Editorial, Argus Staff
“I Would Not Advocate That We Put a Muslim in Charge”
In an interview with NBC on Sept. 20, GOP candidate Ben Carson offered his opinion on whether he’d support a person of Islamic faith who wished to run for President of the United States.
His response, that he would not advocate a Muslim for that position, sparked controversy, and it demonstrates his latent Islamophobia.
Chuck Todd, the NBC news reporter interviewing Carson, asked him if he thinks a president’s faith matters.
“I guess it depends on what that faith is. If it’s inconsistent with the values and principles of America, then of course it should matter,” Carson said. “But if it fits within the realm of America and consistent with the Constitution, I have no problem.”
Todd then asked Carson if he believes that Islam is consistent with the constitution. To that, Carson said, “No, I don’t—I do not. I would not advocate that we put a Muslim in charge of this nation. I absolutely would not agree with that.”
Not only does this statement suggest Islamophobia, but it also completely dismisses the concept of secularism. Just as Christian leaders have been capable of separating church and state, Muslims are capable, too.
Carson identifies as a member of the Seventh-Day Adventist church, a Protestant Christian church. As such, Carson does not believe in gay marriage. He has been vocal about that opinion, but Carson has also said that he accepts that gay marriage is now the “law of the land.”
Even so, as he is a Christian who denounces gay marriage, one could say that Carson’s beliefs don’t fit “within the realm of America.” Yet, it is safe to say that Carson doesn’t think Christianity is outside of that realm.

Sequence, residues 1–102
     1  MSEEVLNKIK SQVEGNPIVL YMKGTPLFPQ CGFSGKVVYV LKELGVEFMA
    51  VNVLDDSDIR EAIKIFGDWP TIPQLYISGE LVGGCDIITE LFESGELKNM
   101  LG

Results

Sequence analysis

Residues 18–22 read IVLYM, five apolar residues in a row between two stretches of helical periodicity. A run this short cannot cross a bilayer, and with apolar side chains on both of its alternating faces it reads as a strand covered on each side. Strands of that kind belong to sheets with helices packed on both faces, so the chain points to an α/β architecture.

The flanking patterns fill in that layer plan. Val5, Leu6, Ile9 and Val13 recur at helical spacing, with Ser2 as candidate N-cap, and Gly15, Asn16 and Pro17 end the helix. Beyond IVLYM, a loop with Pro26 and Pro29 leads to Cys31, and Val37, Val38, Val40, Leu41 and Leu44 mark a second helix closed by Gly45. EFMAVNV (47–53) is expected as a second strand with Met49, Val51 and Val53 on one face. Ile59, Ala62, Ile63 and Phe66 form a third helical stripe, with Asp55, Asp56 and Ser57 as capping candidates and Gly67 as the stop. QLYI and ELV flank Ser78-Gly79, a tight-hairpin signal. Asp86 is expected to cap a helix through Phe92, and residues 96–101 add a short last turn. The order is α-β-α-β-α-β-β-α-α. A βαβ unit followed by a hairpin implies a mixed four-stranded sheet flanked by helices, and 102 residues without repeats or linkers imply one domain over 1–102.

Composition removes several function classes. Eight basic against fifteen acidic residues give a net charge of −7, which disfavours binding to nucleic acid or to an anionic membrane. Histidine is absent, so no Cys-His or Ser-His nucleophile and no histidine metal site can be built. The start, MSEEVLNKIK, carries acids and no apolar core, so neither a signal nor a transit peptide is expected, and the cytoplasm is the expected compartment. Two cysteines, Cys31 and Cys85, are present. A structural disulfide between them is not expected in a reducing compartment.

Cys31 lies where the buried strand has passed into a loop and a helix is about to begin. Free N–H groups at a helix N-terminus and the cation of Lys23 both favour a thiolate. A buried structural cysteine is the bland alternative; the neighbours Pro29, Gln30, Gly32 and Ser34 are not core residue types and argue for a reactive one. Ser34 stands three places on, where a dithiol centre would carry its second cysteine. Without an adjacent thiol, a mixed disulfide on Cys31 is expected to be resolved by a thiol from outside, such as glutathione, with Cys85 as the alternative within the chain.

But because Carson is able to separate his beliefs from American law, he abides by the first amendment, which states that the U.S. government is prohibited making a law respecting the establishment of a religion.
Clearly, Carson understands the idea of secularism, but he doesn’t understand when it comes to a Muslim president because he does not know what Islam asks of its followers.
On the Monday following this event, Carson said he would support a Muslim president who rejected Shariah law in a Facebook post: “I could never support a candidate for president of the United States that was Muslim and had not renounced the central (tenet) of Islam: Shariah Law,” he wrote. “I know that there are many peaceful Muslims who do not adhere to these beliefs. But until these tenets are fully renounced … I cannot advocate any Muslim candidate for President.”
But the Shariah Law is not what Carson believes it to be. Qasim Rashid, an attorney and visiting fellow at Harvard University’s Prince Alwaleed bin Talal School of Islamic Studies, says, “Shariah is a personal relationship with God.”
“First, Shariah is a personal relationship between a Muslim and God. The First Amendment forbids Congress from passing laws that restrict the free exercise of religion–particularly private exercise,” Rashid said. “If Shariah was banned, then American Muslims could not marry, inherit, write wills or choose to divorce per Islam’s guidelines.”
So, Carson’s demand of religious renunciation is unfair to a hypothetical Muslim president. Let it also be noted that a Christian presidential candidate has never been asked to renounce his or her faith.
“Not a single non-Muslim was held to Shariah because Shariah itself forbids compulsion. The Qur’an clearly says, ‘There is no compulsion in religion’ (2:257),” Rashid said. “Furthermore, Shariah obliges Muslims to be loyal to their nation of residence. Therefore, American Muslims must adhere to the US Constitution as the supreme law of the land.”
Carson’s Islamophobic remark is indicative of the religious illiteracy that is prominent in the United States. Religious illiteracy and subsequent fear make for a dangerously ignorant combination.